The search for the perfect pink for our new living room began. I ordered eleven test quarts of various pinks. I tested three at a time on all four walls. I checked the swatches three times a day. In the morning light when opening the house for workers, at 5:00 pm as I closed up for the day and after dark with random lamps placed on stacks of hardwood as John and I would travel back at night for a progress check together. One by one all the pinks were painted over with primer. Thankfully, I have a patient, kind painter who for 13 years has understood my paint selection process. I am grateful for her tolerance of my method. I pulled the twelfth sample from the Farrow & Ball chart and had Sherwin Williams match it. As a safety precaution, I asked them to then cut the formula in half. Success! Color chosen, room painted.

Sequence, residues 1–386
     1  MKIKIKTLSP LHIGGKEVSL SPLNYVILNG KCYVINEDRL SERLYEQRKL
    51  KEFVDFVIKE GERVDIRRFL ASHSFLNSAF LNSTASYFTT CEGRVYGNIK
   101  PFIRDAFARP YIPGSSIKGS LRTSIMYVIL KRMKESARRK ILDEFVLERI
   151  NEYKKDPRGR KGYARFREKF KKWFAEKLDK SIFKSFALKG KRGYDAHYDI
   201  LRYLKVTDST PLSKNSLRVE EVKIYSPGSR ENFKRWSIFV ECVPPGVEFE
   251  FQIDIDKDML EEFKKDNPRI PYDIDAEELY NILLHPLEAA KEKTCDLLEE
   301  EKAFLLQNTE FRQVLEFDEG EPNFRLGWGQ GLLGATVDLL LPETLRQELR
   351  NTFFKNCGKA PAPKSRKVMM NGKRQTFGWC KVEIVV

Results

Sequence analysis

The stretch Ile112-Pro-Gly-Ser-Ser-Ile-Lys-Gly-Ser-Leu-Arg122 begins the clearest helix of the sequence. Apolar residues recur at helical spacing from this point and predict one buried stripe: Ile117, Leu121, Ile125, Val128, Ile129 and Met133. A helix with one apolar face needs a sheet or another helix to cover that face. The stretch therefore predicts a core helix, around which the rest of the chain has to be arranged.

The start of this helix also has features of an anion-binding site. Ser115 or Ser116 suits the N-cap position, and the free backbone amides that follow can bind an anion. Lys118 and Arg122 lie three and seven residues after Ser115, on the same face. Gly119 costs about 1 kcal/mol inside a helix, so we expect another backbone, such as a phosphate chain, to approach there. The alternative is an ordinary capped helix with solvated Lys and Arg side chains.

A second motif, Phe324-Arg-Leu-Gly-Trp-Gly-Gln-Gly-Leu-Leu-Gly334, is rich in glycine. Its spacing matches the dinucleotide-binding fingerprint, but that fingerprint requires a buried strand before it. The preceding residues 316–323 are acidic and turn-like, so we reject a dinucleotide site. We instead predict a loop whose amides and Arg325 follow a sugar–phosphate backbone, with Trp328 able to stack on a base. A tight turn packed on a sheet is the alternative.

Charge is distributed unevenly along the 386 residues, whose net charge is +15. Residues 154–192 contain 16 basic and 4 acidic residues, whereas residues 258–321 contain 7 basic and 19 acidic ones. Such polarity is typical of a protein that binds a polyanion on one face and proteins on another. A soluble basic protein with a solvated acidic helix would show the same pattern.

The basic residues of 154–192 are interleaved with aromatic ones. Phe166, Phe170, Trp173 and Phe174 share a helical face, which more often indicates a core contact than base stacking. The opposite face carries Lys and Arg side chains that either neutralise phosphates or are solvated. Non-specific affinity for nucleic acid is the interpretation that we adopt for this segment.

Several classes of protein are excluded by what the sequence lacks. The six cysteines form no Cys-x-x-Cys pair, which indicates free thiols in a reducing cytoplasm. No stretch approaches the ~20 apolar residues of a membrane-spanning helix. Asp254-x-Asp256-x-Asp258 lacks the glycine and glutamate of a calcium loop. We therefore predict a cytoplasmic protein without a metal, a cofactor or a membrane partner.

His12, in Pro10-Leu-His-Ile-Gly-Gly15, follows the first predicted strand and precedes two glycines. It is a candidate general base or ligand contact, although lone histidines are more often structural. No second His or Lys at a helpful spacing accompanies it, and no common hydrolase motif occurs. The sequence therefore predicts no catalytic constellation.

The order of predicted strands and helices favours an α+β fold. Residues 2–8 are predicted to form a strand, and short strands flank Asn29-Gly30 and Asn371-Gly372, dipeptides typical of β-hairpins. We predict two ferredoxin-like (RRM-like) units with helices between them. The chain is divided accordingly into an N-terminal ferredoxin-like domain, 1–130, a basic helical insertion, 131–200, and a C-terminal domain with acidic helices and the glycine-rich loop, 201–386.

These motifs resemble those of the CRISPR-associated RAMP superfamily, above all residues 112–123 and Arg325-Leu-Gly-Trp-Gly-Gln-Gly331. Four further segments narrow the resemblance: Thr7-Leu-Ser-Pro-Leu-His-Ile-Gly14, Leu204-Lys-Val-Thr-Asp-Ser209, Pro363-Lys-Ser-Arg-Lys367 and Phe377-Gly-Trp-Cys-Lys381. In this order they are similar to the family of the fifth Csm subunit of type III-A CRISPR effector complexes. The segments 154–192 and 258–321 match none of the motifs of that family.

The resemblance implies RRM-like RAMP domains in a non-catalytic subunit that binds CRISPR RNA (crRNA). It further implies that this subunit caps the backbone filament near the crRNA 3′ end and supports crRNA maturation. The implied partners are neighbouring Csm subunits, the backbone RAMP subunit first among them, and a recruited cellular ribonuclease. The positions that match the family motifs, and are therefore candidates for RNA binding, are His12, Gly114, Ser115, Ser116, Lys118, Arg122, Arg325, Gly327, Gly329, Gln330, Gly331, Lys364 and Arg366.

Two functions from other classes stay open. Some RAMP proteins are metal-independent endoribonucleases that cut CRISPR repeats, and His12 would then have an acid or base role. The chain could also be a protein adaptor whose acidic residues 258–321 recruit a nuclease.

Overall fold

My mother reminded me that this “trend” was certainly not new and that I had seen it before. She wasn’t referring to the 1980’s Laura Ashley craze but back to her mother, my grandmother. As we talked about it further, I remembered the black and white photographs of my grandparents’ house. The walls were dark and the draperies were light. These “dark” walls were actually a rich green and the draperies were pink shantung silk. She said she remembered these drapes when they were installed. They hung on muted beige wooden rods and my grandmother had hand painted every single drapery ring. She recalled that the furniture was upholstered in a beige tapestry and soft pink fabrics, proving that it has been a versatile, stylish color for years. Since my grandparents’ living room was created in the 1950’s and Dorothy Draper started using the color in the 1940’s, I think our soft pink will withstand the test of time.